0.75 Percent Hike as Fed Proves Unshakable
What You Missed: Last week, U.S. interest rates pushed higher after August’s CPI release showed a broadening in U.S. price pressures. This report, on the heels of the recent escalation in the Fed’s hawkish tone, sent short-term U.S. Treasury (UST) yields sharply higher, also resulting in a curve inversion from 1-yr to 10-yr maturities. A sell-off in stocks was part of the post-release CPI market mix and credit markets experienced some deterioration as well … both ended Friday about where they stood in mid-July as the S&P 500 had its worst week since mid-June.
For the week, 12m T-bill rates increased 33 bps while 2, 5, 10, & 30-yr UST yields added a respective 31, 20, 14, & 7 bps. The tapered increases, amid the lengthening of maturities, mostly reflects the market repricing to an increase in Fed rate hike expectations. Last Thursday, the 12m T-bill briefly pierced 4% on a bond-equivalent basis. We anticipate short-term rates moving higher still. A 4% handle (end of day rate) UST yield was last seen in Aug 2011 at the 30-yr maturity.
Hedging costs move higher after Aug’s CPI
3m Term SOFR (CME) increased ~ 29 bps last week to 3.447%, a new high for the recently introduced index (data back to ’19). The implied yield on the 3m SOFR futures contract for 1-year (Sept ‘23) climbed 35 bps last week to 4.10%. The Mar ’23 futures contract had the highest implied yield for the 3m SOFR index at 4.35% while the Dec ’25 contract had the lowest implied yield at 3.07%. This is a relatively tight range reflecting the market’s current view that the balance of 3m SOFR’s remaining increase will occur in the next 6-months followed by a gradual decline into y/e 2025 as the Fed subsequently eases policy a bit. These levels look reasonable to us while the timing, in our view, could unfold differently.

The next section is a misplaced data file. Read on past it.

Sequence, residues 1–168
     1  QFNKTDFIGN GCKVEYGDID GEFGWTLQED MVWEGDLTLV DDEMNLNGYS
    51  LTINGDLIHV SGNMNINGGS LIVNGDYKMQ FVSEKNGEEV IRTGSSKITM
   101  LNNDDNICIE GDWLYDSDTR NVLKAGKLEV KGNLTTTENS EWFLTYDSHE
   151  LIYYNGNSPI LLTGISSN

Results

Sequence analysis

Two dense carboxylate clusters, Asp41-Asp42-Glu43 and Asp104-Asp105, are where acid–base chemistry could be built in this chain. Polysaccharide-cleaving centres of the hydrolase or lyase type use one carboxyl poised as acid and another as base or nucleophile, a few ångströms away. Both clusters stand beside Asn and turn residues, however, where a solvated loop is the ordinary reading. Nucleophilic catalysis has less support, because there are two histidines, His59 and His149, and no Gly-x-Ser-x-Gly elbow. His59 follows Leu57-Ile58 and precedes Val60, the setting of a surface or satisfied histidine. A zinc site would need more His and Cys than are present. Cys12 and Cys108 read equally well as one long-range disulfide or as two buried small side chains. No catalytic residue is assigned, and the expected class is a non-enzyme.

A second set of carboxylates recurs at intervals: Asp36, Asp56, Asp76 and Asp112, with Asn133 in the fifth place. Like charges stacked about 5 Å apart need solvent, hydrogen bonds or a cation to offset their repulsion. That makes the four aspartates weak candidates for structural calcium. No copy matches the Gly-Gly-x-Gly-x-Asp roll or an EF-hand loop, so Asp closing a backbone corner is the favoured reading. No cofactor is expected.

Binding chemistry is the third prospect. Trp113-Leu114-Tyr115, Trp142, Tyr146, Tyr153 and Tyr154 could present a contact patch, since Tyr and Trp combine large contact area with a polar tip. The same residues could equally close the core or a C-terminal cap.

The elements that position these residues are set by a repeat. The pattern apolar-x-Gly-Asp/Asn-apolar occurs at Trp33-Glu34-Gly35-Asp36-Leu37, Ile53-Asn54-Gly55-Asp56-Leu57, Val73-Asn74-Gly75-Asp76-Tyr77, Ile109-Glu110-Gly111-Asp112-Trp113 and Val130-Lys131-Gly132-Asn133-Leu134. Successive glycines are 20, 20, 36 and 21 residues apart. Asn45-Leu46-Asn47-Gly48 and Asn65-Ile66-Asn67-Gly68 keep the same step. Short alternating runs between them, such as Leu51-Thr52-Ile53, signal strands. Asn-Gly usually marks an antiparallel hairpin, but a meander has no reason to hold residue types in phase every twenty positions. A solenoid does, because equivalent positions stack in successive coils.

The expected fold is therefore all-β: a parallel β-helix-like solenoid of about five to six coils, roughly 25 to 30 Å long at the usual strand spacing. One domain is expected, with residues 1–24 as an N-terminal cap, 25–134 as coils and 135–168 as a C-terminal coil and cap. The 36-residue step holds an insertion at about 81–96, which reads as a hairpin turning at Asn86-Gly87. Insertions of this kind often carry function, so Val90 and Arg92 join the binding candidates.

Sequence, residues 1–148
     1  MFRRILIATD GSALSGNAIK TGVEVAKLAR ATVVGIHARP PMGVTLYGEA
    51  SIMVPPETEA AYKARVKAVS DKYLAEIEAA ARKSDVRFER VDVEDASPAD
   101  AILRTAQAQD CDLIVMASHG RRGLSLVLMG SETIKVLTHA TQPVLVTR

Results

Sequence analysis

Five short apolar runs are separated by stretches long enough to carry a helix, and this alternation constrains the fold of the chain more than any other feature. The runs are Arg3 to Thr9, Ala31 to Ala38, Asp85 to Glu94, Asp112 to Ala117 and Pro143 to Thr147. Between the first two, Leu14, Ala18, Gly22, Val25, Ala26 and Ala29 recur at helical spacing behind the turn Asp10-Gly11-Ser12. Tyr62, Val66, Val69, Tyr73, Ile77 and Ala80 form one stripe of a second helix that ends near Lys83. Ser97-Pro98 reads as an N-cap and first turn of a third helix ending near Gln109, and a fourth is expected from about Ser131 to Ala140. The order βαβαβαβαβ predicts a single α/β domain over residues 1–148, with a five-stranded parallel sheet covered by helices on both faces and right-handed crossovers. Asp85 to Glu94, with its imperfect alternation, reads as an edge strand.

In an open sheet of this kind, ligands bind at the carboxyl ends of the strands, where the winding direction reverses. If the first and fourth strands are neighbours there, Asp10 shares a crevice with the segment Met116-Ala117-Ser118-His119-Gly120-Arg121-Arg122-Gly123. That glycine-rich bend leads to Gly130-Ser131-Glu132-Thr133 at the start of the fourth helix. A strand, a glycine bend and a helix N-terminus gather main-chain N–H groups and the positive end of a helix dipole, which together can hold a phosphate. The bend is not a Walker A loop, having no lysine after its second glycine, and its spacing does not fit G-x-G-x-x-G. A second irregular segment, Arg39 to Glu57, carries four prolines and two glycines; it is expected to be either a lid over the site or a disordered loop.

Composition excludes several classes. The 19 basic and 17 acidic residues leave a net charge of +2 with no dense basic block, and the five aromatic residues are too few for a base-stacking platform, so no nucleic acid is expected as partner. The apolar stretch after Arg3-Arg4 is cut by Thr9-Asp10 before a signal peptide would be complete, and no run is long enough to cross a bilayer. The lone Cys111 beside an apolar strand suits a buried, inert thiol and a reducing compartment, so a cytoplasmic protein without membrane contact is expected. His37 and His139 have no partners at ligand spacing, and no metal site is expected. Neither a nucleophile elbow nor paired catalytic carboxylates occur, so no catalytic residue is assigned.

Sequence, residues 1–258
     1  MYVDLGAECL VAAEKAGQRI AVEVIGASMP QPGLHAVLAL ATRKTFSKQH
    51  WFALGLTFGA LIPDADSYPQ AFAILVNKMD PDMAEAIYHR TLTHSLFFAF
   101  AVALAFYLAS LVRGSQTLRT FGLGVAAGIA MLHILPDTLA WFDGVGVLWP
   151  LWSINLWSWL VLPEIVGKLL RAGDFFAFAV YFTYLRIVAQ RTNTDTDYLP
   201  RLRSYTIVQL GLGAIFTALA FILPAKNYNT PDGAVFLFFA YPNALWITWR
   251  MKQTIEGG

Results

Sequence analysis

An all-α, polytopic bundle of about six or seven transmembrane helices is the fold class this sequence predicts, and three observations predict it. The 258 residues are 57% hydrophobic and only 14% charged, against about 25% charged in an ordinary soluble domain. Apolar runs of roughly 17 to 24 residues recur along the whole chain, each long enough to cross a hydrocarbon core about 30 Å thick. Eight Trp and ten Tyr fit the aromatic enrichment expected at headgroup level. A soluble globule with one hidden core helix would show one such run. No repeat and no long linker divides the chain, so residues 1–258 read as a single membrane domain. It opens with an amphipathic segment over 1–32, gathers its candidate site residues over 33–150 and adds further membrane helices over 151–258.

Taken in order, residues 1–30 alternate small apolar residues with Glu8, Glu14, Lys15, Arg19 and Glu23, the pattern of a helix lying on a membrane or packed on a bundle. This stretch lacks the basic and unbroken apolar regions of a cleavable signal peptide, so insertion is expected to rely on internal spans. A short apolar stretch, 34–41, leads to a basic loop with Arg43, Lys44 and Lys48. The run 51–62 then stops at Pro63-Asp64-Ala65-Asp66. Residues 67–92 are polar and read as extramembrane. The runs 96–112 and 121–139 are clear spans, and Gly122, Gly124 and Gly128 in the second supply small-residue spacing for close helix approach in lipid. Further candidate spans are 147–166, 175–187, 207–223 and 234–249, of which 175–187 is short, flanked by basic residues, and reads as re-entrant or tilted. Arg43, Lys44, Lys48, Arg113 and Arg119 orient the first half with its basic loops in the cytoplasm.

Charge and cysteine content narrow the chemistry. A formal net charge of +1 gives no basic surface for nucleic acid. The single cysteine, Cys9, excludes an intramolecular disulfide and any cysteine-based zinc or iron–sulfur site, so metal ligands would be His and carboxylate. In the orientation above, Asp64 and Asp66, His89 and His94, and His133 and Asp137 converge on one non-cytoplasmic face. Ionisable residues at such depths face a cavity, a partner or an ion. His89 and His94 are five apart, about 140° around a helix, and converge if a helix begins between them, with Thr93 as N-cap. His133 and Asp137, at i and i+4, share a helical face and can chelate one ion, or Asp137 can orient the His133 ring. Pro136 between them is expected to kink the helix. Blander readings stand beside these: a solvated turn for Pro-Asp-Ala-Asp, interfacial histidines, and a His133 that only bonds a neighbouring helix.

Beyond 2025, 3m SOFR futures ended the week in a narrow range with implied yields climbing just mildly higher to ~ 3.5%. Implied yields for these longer-maturity SOFR contracts increased last week lifting both fixed swap rates and cap prices. Interest rate volatility remains high though it has settled into a range over the past 4 weeks. This week marks a year since implied interest rate volatility began its painful climb amid rising interest rates and persistent inflation … for 2022 so far, vol peaked in early July as simultaneous inflation and recession concerns became increasingly forceful. Dynamics driving these changes are still shifting so please check with us for updates.
Last week’s U.S. economic data was mostly about the core CPI
Yields rose decisively after the Aug CPI report last Tuesday. The market’s expectations for headline and core (ex-food & energy) CPI proved too modest as the respective monthly increases of 0.1% and 0.6% led to YoY outcomes of 8.3% (headline) and 6.3% (core).